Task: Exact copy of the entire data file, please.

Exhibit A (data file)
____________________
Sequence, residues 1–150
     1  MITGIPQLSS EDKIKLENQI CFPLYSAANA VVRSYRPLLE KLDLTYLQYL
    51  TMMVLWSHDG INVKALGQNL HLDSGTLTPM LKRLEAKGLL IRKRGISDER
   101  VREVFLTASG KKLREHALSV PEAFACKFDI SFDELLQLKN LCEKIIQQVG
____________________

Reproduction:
Sequence, residues 1–150
     1  MITGIPQLSS EDKIKLENQI CFPLYSAANA VVRSYRPLLE KLDLTYLQYL
    51  TMMVLWSHDG INVKALGQNL HLDSGTLTPM LKRLEAKGLL IRKRGISDER
   101  VREVFLTASG KKLREHALSV PEAFACKFDI SFDELLQLKN LCEKIIQQVG